Green Building Elements

Below is a list of the most common ideas and systems to add long term value and sustainability to your home.

Insulation and Air Sealing

These are key to a comfortable and energy efficient home. In some cases it makes sense to increase insulation values from the minimums required by the building code. A well designed air tight home with good mechanical and natural ventilation adds value and comfort and reduces energy costs.

Passive Solar

Your home’s windows, wall and floors can be designed to collect, store and distribute solar energy in the form of heat in the winter while rejecting excessive heat in the summer. Passive solar design, unlike active solar heating systems don’t need mechanical and electrical devices, such as pumps, fans or electrical controls to provide heat.

South facing glass with large overhangs provides solar gain in winter and shade in summer. To be most effective solar energy should be collected in high thermal mass elements such as stone or concrete walls and floors. Rooms should be placed to take advantage of naturally warmer and cooler areas of the home.

Mechanical Systems

Use high-efficiency heating and hot water systems, with heat-recovery ventilator (HRV) for optimum efficiency. Good ventilation is an essential component of an energy efficient home. Low emission wood stoves may be appropriate, especially in rural areas.

A comprehensive mechanical system design can lead to a smaller more efficient system which saves both up front and ongoing costs. And the better insulated the house, the smaller and simpler the heating system needs to be.


An energy audit identifies inefficiencies in your mechanical systems and energy losses through your building envelope. Addressing weak points in the building system saves money and increases comfort.

Simplicity and Scale

There is a beauty in simple design. Complex building forms use more material and are generally more difficult to heat and maintain. Simple designs are often more timeless and adaptable. And there will always be less maintenance, cleaning and costs when a home is sized to meet all of your needs but no more.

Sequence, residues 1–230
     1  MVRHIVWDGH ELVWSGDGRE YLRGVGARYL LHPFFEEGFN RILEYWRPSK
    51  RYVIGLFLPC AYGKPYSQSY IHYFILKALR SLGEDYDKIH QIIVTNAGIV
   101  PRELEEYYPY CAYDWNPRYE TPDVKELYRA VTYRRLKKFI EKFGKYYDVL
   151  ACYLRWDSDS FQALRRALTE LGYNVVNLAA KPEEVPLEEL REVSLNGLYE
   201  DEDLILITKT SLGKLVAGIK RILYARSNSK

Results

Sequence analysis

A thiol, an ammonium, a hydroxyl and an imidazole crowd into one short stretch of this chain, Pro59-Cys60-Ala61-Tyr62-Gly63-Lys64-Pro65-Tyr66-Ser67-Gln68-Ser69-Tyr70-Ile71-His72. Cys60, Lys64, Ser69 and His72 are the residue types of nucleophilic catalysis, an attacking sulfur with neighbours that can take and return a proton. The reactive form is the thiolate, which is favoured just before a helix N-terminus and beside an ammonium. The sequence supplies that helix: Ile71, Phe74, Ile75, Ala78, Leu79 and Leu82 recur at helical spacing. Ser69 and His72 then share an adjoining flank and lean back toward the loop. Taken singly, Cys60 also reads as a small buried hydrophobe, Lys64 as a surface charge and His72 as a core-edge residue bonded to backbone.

Longevity and Maintenance

Simple elegant designs which acknowledge their environment are easier and less costly to maintain. Large overhangs, appropriate finishing materials and proper attention to site drainage are important elements in our coastal BC climate.

Ante Room

A transitional room to isolate inside from outside reduces energy loss and drafts during very cold or hot weather. An ante room as your primary entrance in summer and winter reduces energy costs and increases your comfort.

Electricity and Lighting

Passive solar design works with window placement and roof design to reduce heating and cooling demand, but it also takes advantage of natural light to reduce lighting needs. Additionally well placed skylights and solar tubes can bring outside light to the interior of a home. When lights are required choosing fixtures that accept LEDs is a good investment.

It costs very little to rough in for future solar panels and if you have good solar exposure it makes a lot of sense. Costs for solar panel systems continue to decline while other sources of energy can be unpredictable.

Green (or Living) Roofs and Walls

Green roofs and walls are designed for the cultivation of plants and shrubs to reduce overheating, improve insulation and air quality, create beneficial habitat and reduce storm water surges. They offer an attractive and pleasing alternative to exposed flat and low pitch roofs and they reduce sound reflectivity and transmission through the roof or wall system. They can also double the lifespan of the roof envelope that they cover and protect from the extremes of weather and ultraviolet radiation.

Construction Waste Recycling

Municipal programs are evolving to encourage deconstruction rather than demolition of existing structures reducing waste and creating a source of “new” building materials. Ask your builder about the possibilities for your home.

Embodied Energy

Embodied energy is the energy used to extract, refine, grow and harvest, process, manufacture, transport and install building materials. Embodied energy for a typical house is about seven times its annual energy use. Local materials, reused and salvage materials, recycled materials, materials with recycled content, all reduce embodied energy.